Primary focus on rural and semi-urban banking franchise
ESAF SFB mainly focuses on providing loans to customers in rural and semi-urban centres. Its customers in rural and semi-urban centres (combined) have increased from 3.0 million as at March 31, 2021, to 3.9 million as at March 31, 2023, and further increased to 4.1 million as at June 30, 2023. As at June 30, 2023, its gross advances in rural and semi-urban centres (combined) were Rs. 90,951.76 million, representing 63.0% of the gross advances. As at June 30, 2023, 4.1 million of the customers were in rural and semi-urban centres (combined), representing 56.9% of the total customers, and the number of banking outlets in rural and semi-urban centres (combined) was 502, representing 71.7% of its entire banking outlets. Since April 2020, the bank has considerably expanded the number of states and territories of operations. In FY21, they expanded their operations to Meghalaya, Uttar Pradesh, Haryana, Tripura and Chandigarh by opening banking outlets and/or appointing business correspondents for these states/union territories. In FY22, the bank expanded its operations to Uttarakhand by establishing a business correspondent for that state. In FY23, they opened branches in Tripura and Uttarakhand for the first time. The SFB intends to deepen its distribution within the states and union territories it operates by opening additional branches, having business correspondents open more customer service centres, entering into relationships with new business correspondent entities and business facilitators and adding ATMs.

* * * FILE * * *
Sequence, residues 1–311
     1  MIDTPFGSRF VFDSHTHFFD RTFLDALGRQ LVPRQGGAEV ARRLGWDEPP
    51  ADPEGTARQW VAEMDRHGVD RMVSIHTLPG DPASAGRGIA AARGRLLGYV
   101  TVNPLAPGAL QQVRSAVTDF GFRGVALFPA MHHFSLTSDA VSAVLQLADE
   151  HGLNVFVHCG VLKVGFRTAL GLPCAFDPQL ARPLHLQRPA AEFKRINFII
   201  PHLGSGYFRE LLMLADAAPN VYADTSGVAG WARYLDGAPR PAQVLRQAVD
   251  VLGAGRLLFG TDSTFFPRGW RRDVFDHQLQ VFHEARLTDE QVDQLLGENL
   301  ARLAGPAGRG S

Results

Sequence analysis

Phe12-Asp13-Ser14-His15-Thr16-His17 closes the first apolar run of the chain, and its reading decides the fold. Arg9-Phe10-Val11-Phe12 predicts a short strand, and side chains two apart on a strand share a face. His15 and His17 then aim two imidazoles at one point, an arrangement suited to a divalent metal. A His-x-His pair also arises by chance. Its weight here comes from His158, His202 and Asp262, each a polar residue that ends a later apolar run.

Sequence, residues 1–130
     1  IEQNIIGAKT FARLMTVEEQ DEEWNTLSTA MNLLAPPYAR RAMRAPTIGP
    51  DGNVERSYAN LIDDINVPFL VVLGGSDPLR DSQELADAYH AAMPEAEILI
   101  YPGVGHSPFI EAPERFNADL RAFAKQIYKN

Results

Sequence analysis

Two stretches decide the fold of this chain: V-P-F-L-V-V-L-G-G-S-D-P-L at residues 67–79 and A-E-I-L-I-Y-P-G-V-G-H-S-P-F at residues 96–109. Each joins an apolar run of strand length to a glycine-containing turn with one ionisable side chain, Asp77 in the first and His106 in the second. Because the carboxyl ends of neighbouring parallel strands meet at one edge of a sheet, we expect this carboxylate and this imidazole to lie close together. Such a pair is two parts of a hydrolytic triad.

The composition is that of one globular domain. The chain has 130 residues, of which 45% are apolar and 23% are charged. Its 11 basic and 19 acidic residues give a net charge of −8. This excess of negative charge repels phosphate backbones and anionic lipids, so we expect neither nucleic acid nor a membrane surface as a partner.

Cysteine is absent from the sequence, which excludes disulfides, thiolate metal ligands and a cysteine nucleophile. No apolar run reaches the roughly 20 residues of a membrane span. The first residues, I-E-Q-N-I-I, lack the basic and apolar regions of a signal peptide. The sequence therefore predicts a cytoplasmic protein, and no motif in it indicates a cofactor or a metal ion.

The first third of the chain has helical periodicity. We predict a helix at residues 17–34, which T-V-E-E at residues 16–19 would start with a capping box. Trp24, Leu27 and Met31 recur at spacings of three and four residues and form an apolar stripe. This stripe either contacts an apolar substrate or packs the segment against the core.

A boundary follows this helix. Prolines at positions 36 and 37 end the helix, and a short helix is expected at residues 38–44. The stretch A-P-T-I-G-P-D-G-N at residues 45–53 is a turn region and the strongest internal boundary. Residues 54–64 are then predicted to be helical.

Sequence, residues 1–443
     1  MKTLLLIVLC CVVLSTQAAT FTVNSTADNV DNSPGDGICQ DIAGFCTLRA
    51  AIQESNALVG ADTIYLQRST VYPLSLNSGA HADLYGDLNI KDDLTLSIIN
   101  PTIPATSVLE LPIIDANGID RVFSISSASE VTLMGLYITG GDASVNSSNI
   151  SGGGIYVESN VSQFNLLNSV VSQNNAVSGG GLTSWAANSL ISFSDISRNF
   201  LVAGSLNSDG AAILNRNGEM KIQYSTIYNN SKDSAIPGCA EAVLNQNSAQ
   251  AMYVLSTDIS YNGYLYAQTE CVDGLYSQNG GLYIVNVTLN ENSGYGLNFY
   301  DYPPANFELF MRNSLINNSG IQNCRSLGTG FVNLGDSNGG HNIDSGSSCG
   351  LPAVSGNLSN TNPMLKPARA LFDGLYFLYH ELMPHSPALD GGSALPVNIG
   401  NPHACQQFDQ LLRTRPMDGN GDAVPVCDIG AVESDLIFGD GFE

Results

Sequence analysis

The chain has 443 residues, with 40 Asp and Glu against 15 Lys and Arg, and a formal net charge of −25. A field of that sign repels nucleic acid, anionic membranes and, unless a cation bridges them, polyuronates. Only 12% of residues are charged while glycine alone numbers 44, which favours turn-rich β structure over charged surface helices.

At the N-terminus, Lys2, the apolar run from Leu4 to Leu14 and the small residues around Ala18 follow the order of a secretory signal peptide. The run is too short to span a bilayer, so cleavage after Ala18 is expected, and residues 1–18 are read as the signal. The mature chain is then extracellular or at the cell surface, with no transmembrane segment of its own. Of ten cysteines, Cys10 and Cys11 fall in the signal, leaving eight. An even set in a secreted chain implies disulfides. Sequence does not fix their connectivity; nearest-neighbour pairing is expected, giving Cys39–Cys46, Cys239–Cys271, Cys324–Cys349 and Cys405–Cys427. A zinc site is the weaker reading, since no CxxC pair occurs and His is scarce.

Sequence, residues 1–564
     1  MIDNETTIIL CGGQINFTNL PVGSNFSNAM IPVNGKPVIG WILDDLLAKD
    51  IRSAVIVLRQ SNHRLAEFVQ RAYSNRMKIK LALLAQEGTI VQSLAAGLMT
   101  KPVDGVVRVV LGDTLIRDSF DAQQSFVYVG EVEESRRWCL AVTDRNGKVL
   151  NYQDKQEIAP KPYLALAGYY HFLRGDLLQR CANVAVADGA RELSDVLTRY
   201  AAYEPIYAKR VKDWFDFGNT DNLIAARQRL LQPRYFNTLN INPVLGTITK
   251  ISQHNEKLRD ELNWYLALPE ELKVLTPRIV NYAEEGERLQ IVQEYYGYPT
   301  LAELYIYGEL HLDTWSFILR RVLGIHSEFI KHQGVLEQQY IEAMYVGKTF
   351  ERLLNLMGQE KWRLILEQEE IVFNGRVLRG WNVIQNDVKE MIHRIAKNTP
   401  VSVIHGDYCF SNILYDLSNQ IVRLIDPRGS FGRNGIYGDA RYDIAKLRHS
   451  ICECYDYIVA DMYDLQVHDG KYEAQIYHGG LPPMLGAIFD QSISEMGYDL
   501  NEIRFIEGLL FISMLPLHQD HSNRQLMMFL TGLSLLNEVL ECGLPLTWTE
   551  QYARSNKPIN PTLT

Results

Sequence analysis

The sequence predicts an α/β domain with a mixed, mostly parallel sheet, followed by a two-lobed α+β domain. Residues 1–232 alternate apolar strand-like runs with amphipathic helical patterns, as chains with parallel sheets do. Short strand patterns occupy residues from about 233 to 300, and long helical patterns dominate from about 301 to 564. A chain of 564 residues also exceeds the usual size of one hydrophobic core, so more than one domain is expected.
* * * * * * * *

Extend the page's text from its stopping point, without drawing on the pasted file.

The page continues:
Customer connections driven by its customer-centric products and servicing other non-financial services
ESAF SFB’s products and services are designed to meet the various lifecycle needs of customers such as home loans, clean energy product loans, loans for agricultural activities, loans against property, personal loans, education loans, gold loans and vehicle loans. An example of its customer-centric approach is that its Micro Loans can be repaid weekly, fortnightly or monthly based on customer preferences. As at June 30, 2023, 55.3% of its Micro Loan customers repaid their loans weekly. In addition to providing financial services, their business correspondents undertake various non-financial services, including conducting financial literacy programmes, livelihood programmes, entrepreneurship training programmes and community engagement programmes. The bank recently launched three new loan products to assist their customers during the COVID-19 pandemic: (1) Income Generation Loan Top Up, which is a pre-approved loan and a variant of the Income Generation Loan and is targeted at customers who have an existing Income Generation loan; (2) Utdhan Loan Series 3 – Covid Care Loan, which was tailor-made to support the financial needs of customers adversely affected by the COVID-19 pandemic; and (3) Pratheeksha Kiran Loan, which was mainly for the restoration of livelihoods and households of customers impacted by the pandemic. Due to its customer-centric products and processes, they have high customer retention rates.